We should implement   contract tours for military and civil service; A pilot has a service life of approximately 15 years.   Afterwards, currently the air force must find a job and retrain him for the duration of his service career.  Sometimes he is fully utilized and many times (often) not.  What we suggest should be done is to provide the fifteen years of tour and then only the most capable should be retained as leaders.  Now, what occurs is the armed forces are filled with lower grade officers putting in their time at low under-utilized positions.  The defense budget is filled with congressional pork that the military either does not need, did not want, or can not use. 
	 Many defense programs have government pork in them, many projects are not desired by the DOD but insisted upon by congressmen not because of its impact on national defense but pork for local congressional district.  Too much of the Defense budget is becoming political pork. The tendency is to cut the muscle and bone while keeping the fat. The industrial-military bureaucracy in conjunction with political pros demand unwanted hardware like the Seawolf submarine program Navy wants to drop while ignoring vital  (but not sexy nor lucrative) items like basic equipment maintenance.   Some $20 billion of military budget over the next five years will go for defense conversion, pure and simple a job subsidy measure.  There currently exists  in the budget little or nothing to keep the U.S. prepared for military emergency.  Billions more in the military budget now pay for nonmilitary items. Environmental cleanup projects likewise as humanitarian expeditions. People judge your will, your capability to deliver; weakness invites aggression. DOD must be able to set its own needs on a non-political, economically rationale basis.

	We do need defense.  We need an efficient cost-effective defense department and armed forces. Several Defense spending options can be portrayed:
	Option 1:  Current missions at less cost, Defense of U.S., Defense of Allies, third world intervention  ($200 B)
	Option 2: Defense of US plus third world intervention.  ($150 b)
	Option 3: Defense of US only ($100B)
	Option 1 is our preference.  With all the fighting and turmoil in the world, the US could still find itself continuously involved in other people’s conflicts, such as Bosnia, Somalia, and Haiti.  (and one must not forget that Russia is still very volatile and could resort back to its former belligerent self within a short period of time.) However, we must also make these points.:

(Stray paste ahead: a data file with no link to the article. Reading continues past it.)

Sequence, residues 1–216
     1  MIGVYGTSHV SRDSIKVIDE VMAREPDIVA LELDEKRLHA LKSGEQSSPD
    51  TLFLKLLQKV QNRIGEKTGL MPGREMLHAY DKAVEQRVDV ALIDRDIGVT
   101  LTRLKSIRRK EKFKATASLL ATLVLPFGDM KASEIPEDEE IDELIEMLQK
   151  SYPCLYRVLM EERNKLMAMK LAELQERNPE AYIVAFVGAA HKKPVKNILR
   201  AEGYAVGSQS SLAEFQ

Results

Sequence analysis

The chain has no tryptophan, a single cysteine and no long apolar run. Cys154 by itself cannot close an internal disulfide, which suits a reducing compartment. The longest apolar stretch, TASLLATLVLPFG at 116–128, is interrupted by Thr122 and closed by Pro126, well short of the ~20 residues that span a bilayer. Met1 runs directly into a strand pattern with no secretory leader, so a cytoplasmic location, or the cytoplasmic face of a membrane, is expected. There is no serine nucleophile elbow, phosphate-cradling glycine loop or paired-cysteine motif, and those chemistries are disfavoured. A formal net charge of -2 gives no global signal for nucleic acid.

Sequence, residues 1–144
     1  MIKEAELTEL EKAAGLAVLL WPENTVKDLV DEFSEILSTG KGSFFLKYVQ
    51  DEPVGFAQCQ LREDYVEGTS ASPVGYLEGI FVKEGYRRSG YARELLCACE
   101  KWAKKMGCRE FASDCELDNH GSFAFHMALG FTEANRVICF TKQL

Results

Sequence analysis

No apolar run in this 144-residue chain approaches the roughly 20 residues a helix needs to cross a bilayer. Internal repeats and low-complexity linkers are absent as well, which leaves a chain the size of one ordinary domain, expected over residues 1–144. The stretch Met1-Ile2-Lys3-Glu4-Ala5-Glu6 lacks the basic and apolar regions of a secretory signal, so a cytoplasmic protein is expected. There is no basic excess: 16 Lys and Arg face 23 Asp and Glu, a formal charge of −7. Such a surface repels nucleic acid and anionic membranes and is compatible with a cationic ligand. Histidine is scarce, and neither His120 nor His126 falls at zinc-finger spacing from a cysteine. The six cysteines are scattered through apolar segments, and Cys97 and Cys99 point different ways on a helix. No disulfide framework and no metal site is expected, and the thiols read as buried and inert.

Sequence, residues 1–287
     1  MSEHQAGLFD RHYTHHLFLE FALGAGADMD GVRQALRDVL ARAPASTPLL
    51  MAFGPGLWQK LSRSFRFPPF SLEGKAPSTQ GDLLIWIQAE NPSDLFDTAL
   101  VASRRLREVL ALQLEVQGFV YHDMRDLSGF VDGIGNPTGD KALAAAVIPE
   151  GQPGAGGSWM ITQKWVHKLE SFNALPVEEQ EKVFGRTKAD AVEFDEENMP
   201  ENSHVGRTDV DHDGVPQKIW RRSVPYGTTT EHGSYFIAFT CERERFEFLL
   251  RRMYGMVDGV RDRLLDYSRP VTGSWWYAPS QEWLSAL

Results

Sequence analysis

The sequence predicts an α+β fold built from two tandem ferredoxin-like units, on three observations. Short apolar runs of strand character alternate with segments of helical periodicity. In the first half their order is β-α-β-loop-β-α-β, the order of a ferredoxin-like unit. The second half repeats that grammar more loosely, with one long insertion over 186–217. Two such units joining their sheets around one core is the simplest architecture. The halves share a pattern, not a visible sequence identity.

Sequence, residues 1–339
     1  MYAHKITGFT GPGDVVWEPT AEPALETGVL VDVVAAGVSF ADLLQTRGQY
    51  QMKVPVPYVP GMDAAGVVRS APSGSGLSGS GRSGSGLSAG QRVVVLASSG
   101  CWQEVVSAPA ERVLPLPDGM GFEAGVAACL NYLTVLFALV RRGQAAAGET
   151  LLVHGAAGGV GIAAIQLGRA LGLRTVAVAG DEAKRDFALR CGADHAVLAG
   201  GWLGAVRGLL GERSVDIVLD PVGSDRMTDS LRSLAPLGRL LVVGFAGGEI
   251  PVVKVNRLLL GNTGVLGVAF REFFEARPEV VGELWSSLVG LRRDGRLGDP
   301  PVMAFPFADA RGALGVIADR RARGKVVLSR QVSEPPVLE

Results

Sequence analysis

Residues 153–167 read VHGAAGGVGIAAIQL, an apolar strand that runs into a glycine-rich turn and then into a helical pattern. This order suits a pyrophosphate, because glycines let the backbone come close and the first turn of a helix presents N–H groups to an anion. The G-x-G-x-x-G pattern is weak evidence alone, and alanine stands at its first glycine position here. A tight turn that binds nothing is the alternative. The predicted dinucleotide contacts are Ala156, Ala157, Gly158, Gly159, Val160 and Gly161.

•Alternatives to unilateral intervention are necessary.  A clear statement of when national interest would precipitate intervention is necessary.  Clearly regional forces such as NATO should be used for Bosnia,  Western Hemispheric forces (Organization of the American States) should be used  if Haiti is  determined to be in need of armed intervention there. Use of more regional groups should be done with the fighting and political problems shared by the region, not just by the United States.  This is not projecting weakness but rather attempting to force responsibility upon others as well.
	• Our efforts should emphasize small standing forces, extremely  flexible, mobile, technical, generalists first then specialists. Volunteer armed forces, paid well, paid according to ability and skills not according to time in service and rank. Large equipped trained reserve/national guard which can be quickly mobilized.
	•Reorganize the Department of Defense to include the veterans administration, civil defense, coast guard, and customs.  Merge Coast Guard and INS to become Border Patrol.  All U.S. border areas within 200 miles of shore will be within their responsibility. Greater manpower and resources will be given to prevent unauthorized visits or violations of territorial waters.  Higher penalties for smuggling, human smuggling, drug activities, etc. 
	•Legal restrictions should be lifted which restrict private firms from using technological developments created while under defense contracts; this will assist in  economic growth, technology transfer to the commercial arena, and in  converting over to the commercial fields. 
	•Develop antimissile defensive systems need be developed for the territorial shield around North America and its territories.

Home Page	
Preface & Introduction	
Chapter 1: Responsibility  
Chapter 2:  Leadership   
Chapter 3: Government  
Chapter 4:  Congress    
Chapter 5: Regulations and Bureaucracy   
Chapter 6: Defense  
Chapter 7: International Affairs 
Chapter 8: Crime and Justice  
Chapter 9:  Civil rights 
Chapter 10: Economic  
Chapter 11:  Education  
Chapter 12:  Health  
Chapter 13:  Planning and National Goals